Organic Acids in Geological Processes by Edward D. Pittman, Michael D. Lewan

By Edward D. Pittman, Michael D. Lewan

In may perhaps of 1991, Victor Van Buren, who used to be then with Springer­ Verlag in ny urban, requested us for well timed themes within the earth sciences that will be applicable for book as a booklet. all of us fast agreed that fresh curiosity and study task at the function of natural acids in geological strategies might make a well timed publication in this different and debatable subject. As coeditors, we defined bankruptcy subject matters for this sort of booklet that maintained a superb stability among geological and geochemical pursuits. particular authors have been then hunted for all of the bankruptcy issues. We had extraordinary good fortune in getting top researchers as authors, and their reaction was once universally enthusiastic. This technique has been so much fulfilling in that it presents a unity and conciseness that's not regularly found in books representing compilations of papers from symposia. This e-book doesn't get to the bottom of the controver­ sies that exist in regards to the importance of natural acids in geolog­ ical procedures. even though, it does current each side of the controver­ sies when it comes to to be had info and present interpretations. Readers could pass judgement on for themselves and envisage learn essential to get to the bottom of those controversies sooner or later. We thank the authors of this ebook for his or her participation, commitment, and cooperation. we're additionally thankful for aid from Dr. Wolfgang Engel and his employees at Springer-Verlag (Heidelberg) in expediting the enhancing and book of this booklet in a well timed manner.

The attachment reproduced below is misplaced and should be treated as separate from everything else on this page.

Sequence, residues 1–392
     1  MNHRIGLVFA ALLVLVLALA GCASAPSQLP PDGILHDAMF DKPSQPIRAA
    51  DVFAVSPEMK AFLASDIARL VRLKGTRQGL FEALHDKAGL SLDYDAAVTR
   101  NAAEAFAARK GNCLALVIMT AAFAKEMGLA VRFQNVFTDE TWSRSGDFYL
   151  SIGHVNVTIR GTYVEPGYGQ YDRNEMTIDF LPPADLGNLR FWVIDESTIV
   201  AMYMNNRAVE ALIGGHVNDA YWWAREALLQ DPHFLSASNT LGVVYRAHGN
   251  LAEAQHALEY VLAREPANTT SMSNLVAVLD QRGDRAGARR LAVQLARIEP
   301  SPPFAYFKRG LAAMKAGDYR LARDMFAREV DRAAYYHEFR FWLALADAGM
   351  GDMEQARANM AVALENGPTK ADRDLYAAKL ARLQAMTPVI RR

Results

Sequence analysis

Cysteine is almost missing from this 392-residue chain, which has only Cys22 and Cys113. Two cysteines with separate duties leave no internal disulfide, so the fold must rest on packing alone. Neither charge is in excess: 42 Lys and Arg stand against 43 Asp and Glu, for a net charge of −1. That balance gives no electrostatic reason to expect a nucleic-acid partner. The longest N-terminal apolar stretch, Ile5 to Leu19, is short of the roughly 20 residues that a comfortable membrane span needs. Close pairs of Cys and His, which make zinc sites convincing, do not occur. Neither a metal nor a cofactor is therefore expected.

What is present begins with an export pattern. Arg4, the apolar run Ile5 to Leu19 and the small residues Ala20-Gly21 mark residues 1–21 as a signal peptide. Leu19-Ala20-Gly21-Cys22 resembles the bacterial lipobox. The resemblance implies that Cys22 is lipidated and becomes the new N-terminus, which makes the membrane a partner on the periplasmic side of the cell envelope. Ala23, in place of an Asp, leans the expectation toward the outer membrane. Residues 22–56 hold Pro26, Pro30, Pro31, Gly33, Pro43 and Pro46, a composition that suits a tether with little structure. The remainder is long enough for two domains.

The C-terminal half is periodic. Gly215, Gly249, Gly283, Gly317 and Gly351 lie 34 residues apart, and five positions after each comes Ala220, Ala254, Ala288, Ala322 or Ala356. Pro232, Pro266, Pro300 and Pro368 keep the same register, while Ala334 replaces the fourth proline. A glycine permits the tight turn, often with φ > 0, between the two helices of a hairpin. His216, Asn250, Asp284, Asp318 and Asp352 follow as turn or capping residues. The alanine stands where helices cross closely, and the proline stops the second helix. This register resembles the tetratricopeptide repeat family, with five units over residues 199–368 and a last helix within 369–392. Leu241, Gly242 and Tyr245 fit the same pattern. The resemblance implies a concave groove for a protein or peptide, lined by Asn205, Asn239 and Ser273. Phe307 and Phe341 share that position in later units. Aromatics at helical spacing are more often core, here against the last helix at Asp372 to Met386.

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Photometric absorbance, particularly UV, is of great utility in the analysis of organic ions. It is limited to ions that absorb electromagnetic radiation in an easily detectable range, either as molecules or as complexes, and that have distinctive absorbance bands. Photometric absorbance is also limited in sensitivity by impurities in the eluent. Also, many inorganic species do not absorb electromagnetic radiation, either as ions or complex ions. Further, photometric absorbance is not an effective method when organic regenerants are used in eluent suppression (such as in the analytical technique described above), because of the resultant high background.

Nonionic or weakly ionic species, such as the organic acids and anions, are unaffected by the semipermeable membrane and are free to diffuse in and out of the resin pores. The primary separation of various aqueous species of noncharged or weakly charged ions is diffusion in and out of the resin pores. The rate of diffusion is controlled by eluate pKa, eluent pH, resin hydrophilicity and other characteristics, and temperature. Generally, for the short-chain organic acids and anions, pKa can be used to predict elution order (see Fig.

Using data from Oligocene reservoirs in Texas and Miocene reservoirs in the San Joaquin Basin of California, Carothers and Kharaka (1978) showed that the relative abundance of bicarbonate and organic alkalinity varied with temperature. More recent data confirm this general trend, demonstrate significant variation from basin to basin, and show that the San Joaquin Basin is unusual in the very high organic acid concentrations and in the abundance of organic acid anions relative to bicarbonate (Fig.

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